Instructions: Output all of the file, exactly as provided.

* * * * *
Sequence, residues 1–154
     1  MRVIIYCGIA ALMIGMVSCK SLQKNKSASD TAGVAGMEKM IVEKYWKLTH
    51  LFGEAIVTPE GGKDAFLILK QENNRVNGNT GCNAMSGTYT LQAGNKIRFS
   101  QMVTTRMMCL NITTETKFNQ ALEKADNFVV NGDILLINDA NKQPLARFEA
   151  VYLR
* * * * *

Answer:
Sequence, residues 1–154
     1  MRVIIYCGIA ALMIGMVSCK SLQKNKSASD TAGVAGMEKM IVEKYWKLTH
    51  LFGEAIVTPE GGKDAFLILK QENNRVNGNT GCNAMSGTYT LQAGNKIRFS
   101  QMVTTRMMCL NITTETKFNQ ALEKADNFVV NGDILLINDA NKQPLARFEA
   151  VYLR